In 1991 I came inside the fourth reactor of the Chernobyl Nuclear Power Plant and up to the present day I am the only journalist who has been there. I presume that each one of us has had to use the advantages of our own sex, the men working inside the reactor certainly found me more attractive than the colleagues of my own sex, who were also trying to get there. That’s why it was me who was taken inside the reactor, and not them.

Strange as it is, purely physical and hygienic aspects of it put aside, I think that a woman journalist has less difficulties in wartime than a man does. People tend to be less scared of women. A woman, by default, is less dangerous than a man — hence, it’s easier for her to gain trust, and that’s really essential in a war.


{ “img”: “/wp-content/uploads/2015/04/ivleva15.jpg”, “text”: “Chernobyl” },
{ “img”: “/wp-content/uploads/2015/04/ivleva16.jpg”, “text”: “Chernobyl” }


Never Rush. Don’t Do Important Things in a Hurry.

You shouldn’t rush while shooting lives of ordinary people. You need to become their friend for at least five minutes. You need to merge with their life to the degree where you’ll be an intangible part of their customary landscape, and then you and your camera will become unnoticeable. That’s when something really worthwhile might come up.


{ “img”: “/wp-content/uploads/2015/04/ivleva01.jpg”, “text”: “Penitential Establishment for Women” },
{ “img”: “/wp-content/uploads/2015/04/ivleva02.jpg”, “text”: “Penitential Establishment for Women” },
{ “img”: “/wp-content/uploads/2015/04/ivleva03.jpg”, “text”: “Penitential Establishment for Women” },
{ “img”: “/wp-content/uploads/2015/04/ivleva04.jpg”, “text”: “Penitential Establishment for Women” },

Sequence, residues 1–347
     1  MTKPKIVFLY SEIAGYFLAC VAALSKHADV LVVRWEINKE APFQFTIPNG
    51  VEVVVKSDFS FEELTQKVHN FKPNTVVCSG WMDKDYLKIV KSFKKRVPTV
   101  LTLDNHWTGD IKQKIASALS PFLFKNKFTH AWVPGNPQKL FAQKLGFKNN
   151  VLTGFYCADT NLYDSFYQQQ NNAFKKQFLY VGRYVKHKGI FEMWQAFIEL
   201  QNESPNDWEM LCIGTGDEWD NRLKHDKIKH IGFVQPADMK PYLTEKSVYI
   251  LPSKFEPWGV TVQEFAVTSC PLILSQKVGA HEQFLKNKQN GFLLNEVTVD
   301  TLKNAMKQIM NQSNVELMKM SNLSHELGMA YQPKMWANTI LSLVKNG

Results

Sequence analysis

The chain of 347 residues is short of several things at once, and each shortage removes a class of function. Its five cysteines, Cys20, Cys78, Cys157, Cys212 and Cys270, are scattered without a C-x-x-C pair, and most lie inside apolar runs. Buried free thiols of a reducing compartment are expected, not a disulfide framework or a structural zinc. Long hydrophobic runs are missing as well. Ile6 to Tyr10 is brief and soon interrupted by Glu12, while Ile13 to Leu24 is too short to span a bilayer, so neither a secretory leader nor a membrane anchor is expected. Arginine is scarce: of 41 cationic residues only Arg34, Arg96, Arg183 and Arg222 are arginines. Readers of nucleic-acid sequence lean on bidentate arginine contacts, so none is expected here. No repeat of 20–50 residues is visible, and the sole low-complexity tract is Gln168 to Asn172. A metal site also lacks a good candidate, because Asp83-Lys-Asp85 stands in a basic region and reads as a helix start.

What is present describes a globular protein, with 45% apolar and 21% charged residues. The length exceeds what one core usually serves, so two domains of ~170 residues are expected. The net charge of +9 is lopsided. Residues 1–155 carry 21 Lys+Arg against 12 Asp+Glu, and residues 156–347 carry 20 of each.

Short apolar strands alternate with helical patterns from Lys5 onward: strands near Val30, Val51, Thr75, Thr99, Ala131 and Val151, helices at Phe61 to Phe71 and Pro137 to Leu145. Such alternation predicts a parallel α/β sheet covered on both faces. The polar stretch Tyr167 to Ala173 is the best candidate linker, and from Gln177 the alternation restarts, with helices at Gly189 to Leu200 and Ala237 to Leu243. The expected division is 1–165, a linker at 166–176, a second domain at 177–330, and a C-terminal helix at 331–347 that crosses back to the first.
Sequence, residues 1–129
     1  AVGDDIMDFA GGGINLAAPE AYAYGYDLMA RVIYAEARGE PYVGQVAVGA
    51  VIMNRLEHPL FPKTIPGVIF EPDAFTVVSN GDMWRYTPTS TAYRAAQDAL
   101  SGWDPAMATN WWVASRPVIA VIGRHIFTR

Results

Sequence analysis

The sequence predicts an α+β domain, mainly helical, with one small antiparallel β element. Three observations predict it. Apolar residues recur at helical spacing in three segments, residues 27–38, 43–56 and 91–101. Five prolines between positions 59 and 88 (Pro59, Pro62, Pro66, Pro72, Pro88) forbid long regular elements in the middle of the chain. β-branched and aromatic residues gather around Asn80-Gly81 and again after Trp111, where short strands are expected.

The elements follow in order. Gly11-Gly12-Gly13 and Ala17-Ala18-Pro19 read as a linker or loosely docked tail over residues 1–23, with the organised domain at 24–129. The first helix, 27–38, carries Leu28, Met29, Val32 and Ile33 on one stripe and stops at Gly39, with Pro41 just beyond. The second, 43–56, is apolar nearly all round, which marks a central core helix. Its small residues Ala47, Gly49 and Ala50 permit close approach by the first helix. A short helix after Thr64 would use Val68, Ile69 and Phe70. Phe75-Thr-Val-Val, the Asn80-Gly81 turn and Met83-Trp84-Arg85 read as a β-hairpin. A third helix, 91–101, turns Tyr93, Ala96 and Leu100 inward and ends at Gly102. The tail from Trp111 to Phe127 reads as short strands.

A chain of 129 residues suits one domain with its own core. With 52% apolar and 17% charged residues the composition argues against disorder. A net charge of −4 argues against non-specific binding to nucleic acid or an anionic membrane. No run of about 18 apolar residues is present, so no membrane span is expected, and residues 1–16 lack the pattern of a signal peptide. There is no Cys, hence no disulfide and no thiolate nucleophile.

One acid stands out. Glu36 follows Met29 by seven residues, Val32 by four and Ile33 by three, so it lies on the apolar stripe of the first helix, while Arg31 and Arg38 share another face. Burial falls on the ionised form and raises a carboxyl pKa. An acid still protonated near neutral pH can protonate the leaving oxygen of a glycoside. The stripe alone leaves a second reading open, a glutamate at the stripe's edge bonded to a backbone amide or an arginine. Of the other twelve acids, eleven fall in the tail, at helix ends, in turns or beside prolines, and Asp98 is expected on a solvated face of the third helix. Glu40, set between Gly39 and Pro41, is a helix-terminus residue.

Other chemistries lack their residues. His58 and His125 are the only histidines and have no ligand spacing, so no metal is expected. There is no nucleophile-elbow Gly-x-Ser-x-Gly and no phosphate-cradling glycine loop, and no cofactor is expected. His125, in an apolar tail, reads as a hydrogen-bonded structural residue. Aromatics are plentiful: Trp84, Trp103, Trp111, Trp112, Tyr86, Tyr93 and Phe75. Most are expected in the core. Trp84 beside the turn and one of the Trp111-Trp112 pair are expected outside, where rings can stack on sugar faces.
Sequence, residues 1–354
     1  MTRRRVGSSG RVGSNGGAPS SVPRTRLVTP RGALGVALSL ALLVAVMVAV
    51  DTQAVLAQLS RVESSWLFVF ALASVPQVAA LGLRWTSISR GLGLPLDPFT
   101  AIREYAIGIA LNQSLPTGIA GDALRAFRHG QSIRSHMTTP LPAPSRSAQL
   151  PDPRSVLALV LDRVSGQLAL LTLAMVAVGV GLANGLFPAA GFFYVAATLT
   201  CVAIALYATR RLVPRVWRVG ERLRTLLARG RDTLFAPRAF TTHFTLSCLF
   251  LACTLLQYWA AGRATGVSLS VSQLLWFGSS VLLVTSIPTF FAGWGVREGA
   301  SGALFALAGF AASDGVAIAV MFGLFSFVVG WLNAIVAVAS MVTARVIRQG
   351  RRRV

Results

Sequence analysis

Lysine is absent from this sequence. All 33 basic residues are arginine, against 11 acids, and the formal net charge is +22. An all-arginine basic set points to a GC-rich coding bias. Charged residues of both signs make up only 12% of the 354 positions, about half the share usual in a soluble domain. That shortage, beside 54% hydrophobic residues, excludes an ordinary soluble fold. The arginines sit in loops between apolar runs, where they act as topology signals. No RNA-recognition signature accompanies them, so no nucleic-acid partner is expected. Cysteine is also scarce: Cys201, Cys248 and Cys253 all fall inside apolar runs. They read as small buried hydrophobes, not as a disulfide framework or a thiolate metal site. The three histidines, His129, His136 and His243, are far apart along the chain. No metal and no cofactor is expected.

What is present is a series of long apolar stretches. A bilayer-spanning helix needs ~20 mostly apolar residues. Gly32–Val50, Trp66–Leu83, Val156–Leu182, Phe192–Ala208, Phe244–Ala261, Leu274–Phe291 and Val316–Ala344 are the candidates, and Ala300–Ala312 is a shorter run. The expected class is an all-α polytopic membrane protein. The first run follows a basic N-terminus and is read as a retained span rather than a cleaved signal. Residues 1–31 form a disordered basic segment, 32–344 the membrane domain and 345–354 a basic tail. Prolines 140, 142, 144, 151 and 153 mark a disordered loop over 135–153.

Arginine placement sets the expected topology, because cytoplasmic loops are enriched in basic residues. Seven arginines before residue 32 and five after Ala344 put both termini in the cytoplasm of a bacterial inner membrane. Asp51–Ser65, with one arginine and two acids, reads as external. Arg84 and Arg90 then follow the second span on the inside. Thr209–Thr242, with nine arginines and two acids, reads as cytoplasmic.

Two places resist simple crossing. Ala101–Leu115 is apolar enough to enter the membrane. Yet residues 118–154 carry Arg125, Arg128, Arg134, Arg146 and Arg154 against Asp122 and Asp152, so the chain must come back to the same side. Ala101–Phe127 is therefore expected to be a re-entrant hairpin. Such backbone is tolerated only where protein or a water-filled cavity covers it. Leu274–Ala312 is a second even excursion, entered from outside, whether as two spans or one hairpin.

{ “img”: “/wp-content/uploads/2015/04/ivleva05.jpg”, “text”: “Penitential Establishment for Women” }


Above All Stay Human

I have ten seconds for shooting, then I need start helping people because I am first and foremost a human, everything else is optional. Not a single time in my life have I regretted storing my camera and to help. I was the only journalist from the former Soviet Union to have been at the Ruanda war. I entered that war as a journalist and finished it with a driver picking up dying people from the roads and taking them to hospitals. For the Ruanda footage I didn’t receive a World Press Photo award or any other prizes, but the fact that I managed to pick up someone right in time for him to die on a clean hospital sheet and not in a field — makes me feel grateful for having accomplished something really important.


{ “img”: “/wp-content/uploads/2015/04/ivleva06.jpg”, “text”: “Ruanda” },
{ “img”: “/wp-content/uploads/2015/04/ivleva07.jpg”, “text”: “Ruanda” },
{ “img”: “/wp-content/uploads/2015/04/ivleva08.jpg”, “text”: “Ruanda” },
{ “img”: “/wp-content/uploads/2015/04/ivleva09.jpg”, “text”: “Ruanda” },
{ “img”: “/wp-content/uploads/2015/04/ivleva10.jpg”, “text”: “Ruanda” },
{ “img”: “/wp-content/uploads/2015/04/ivleva11.jpg”, “text”: “Ruanda” },
{ “img”: “/wp-content/uploads/2015/04/ivleva12.jpg”, “text”: “Ruanda” }